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"Sketch Group with Alfred Skondovitch"

The Ester Republic, 2003
by Terry Glindinning

He enters the room with a slow relaxed step, swinging a big canvas tote holding his supplies. He looks around, perhaps speaking to someone, and finds a chair. Puts on a knee-length white painters smock that looks like a doctor’s coat. Sits down, arranges his sketchpad on his knee and arrays pastels around him on the floor. Maybe he begins to chat, but often is silent. The model begins the pose and he starts drawing with the pastels. He chooses colors, then scratches some out to reveal the color underneath. Sighs, mutters. After awhile he’s livelier in mood, begins to hum to the music playing in the background. Says, "I know you won’t believe this, but my cat sings that song." Exchanges witticisms with the other artists, seems pleased with his work. He likes old songs, especially Fred Astaire’s, and will sing aloud when in an especially happy mood. As a visual artist, he is a dancer. He imbues his small paintings with mood and movement through color and a rhythmic line. He is a romantic who sometimes gives his paintings to the model if she likes it. He remembers the models he has painted, and how they impressed him at the time of the painting.

For the last thirty-five years local artist Alfred Skondovitch has gathered with others to participate in the weekly ritual of sketch group. At this point in his life Skondovitch says that he really doesn’t sketch but works directly. "I commence with an immediate attack," he explains. To know how to see, how to look at and how to feel the presence of the model, this is what’s required of one who draws the most complex of all natural forms, the human body.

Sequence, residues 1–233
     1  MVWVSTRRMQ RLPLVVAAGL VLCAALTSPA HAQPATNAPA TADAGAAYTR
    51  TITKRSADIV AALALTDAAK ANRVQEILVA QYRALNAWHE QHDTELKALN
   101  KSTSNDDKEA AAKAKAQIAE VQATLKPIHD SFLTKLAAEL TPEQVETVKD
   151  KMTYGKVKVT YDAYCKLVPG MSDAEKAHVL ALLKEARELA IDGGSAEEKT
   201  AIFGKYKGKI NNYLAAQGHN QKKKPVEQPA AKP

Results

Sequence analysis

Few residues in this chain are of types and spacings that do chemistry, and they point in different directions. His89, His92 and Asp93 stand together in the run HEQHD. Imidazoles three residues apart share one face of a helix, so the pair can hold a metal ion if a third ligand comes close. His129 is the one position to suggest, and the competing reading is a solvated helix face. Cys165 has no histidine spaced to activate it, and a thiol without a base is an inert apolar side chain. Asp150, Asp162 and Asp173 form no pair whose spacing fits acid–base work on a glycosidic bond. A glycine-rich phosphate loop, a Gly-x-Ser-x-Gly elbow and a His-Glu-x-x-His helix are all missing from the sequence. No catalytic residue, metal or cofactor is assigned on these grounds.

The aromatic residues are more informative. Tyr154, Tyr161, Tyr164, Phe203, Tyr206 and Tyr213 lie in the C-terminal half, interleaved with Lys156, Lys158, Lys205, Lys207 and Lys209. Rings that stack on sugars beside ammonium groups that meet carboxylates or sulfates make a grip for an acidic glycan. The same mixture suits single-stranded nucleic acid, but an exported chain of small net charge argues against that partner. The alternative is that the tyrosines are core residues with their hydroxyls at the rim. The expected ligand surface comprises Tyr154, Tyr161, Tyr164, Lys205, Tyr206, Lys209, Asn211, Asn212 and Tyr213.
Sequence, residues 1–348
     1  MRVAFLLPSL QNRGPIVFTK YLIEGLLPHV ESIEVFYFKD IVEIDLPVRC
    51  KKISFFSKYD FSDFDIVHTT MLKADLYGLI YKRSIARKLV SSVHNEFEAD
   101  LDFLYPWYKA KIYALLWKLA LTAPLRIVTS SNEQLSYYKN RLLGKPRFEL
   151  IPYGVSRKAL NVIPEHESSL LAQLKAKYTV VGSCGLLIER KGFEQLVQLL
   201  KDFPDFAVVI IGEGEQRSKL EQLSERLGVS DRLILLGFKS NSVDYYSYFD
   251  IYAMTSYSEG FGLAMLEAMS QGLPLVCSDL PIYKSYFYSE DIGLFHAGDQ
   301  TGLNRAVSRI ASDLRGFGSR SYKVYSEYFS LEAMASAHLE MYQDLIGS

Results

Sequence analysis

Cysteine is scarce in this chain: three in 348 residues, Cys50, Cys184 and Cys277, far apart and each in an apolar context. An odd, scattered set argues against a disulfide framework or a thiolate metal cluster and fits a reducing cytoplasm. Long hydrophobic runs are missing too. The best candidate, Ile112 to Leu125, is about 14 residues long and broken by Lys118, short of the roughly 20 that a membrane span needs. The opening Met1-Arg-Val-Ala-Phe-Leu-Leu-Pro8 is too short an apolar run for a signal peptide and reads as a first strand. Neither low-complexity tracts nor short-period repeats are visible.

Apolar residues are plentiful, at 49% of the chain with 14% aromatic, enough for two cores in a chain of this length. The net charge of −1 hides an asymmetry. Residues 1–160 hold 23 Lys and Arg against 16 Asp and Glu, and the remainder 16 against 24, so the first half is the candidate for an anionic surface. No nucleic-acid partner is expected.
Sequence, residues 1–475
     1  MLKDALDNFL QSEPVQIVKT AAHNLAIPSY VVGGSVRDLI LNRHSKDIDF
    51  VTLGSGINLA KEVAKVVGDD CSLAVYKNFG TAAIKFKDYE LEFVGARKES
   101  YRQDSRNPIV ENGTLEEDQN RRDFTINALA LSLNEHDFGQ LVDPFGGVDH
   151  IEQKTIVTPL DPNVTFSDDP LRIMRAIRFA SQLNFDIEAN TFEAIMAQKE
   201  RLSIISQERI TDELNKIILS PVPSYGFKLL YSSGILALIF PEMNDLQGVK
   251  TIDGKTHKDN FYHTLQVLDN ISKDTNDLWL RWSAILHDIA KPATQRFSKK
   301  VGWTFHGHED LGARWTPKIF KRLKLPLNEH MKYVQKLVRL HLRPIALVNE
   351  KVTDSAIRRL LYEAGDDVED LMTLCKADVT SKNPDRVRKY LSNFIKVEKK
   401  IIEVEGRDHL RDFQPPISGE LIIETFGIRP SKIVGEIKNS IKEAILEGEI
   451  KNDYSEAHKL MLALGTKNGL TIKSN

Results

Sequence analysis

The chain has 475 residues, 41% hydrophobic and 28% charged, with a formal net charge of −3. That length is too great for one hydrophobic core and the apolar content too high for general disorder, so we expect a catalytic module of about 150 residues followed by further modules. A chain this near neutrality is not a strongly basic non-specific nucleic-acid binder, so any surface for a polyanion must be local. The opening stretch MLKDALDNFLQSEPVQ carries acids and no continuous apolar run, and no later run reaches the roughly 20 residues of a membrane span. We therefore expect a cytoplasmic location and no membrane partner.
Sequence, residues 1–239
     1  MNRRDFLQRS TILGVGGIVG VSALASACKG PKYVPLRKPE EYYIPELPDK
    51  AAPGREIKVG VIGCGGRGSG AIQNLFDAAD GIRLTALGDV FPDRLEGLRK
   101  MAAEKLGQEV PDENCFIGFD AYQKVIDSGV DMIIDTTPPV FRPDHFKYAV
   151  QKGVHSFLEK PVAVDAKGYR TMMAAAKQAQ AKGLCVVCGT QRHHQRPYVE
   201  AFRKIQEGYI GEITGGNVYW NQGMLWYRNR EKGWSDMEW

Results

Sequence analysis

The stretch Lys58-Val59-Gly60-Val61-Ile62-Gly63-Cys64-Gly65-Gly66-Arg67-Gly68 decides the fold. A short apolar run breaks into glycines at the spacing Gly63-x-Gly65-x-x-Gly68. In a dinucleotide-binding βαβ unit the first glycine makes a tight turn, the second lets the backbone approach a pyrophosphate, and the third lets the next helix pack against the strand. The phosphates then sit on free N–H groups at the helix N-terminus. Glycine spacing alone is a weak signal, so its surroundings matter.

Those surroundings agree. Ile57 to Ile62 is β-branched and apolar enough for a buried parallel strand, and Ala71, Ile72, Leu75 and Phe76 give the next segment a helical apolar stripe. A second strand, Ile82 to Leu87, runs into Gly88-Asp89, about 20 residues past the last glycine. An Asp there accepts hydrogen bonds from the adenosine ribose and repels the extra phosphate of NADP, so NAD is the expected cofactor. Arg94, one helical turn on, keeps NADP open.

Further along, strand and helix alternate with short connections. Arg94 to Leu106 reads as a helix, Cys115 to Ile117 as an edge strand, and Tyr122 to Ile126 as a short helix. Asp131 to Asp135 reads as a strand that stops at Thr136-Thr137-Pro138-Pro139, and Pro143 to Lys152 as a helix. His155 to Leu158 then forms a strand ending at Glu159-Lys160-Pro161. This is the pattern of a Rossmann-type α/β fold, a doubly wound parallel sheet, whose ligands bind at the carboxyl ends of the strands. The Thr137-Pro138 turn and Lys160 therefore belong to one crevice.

Skondovitch says that basically there are two reasons why artists dedicate their energies to sketch group. "It sharpens skills," says he. Secondly, and perhaps more important, it’s a place to meet other artists. Saying a group is good for "networking and making connections with an international complexity" is Skondovitch’s prelude to one of his stories about the importance of sketch group in his life.

At the age of twenty-two, Skondovitch left London for New York with a letter of introduction to the notable abstract-expressionist, Franz Kline. The letter was written by Mrs. Kline’s sister, a London artist. Skondovitch attributes this to "sketch group networking." It was this initial introduction that led to Alfred’s association with the Hofmann School and eventually exhibiting his artwork with the likes of Leland Bell, Nell Blaine, Willem de Kooning, and Richard Deibenkorn.

The university, Ryan Middle School, Site 250, and the Well Street Art Company are some of the places artists have gathered over the past three decades, he says. Skondovitch recalls the ten years that the group met at Gordon Herreid’s cabin. Rather than paid models, this group depended on volunteers. "Not a good idea," he recalls, harkening back to the day that one of his volunteer models asserted her right to profit from the sale of one of his paintings for which she had posed.

Nowadays the sketch group meets weekly at Vladimir Zhikhartsev’s in Fairbanks. The group consists of a good mix of professional and aspiring artists. It is inclusive and basically anyone who wants to spend two hours drawing a nude model is welcomed. Music plays, artists tease and banter. It seems that Skondovitch has a cat named Attila the Hun whom he wants someone in the group to adopt. There are no takers. At break time there are snacks, Russian tea, and vodka. Toasts are made to the ephemeral status of the artist but the permanence of art in our world.

At the break’s end Skondovitch is back at work on his study of a model riding upright high on a horse. The studio certainly lacks a horse and the model is currently in a reclining pose. His oil pastels dance on the paper or canvas and occasionally he’ll stand up and dance a step or two himself. Then it’s back to the business of applying color skillfully, knowingly. "I use color with the intention of being emotionally evocative," he declares. He goes on to say at the end of it all, "I’m always in a quandary as to what I’ve done."

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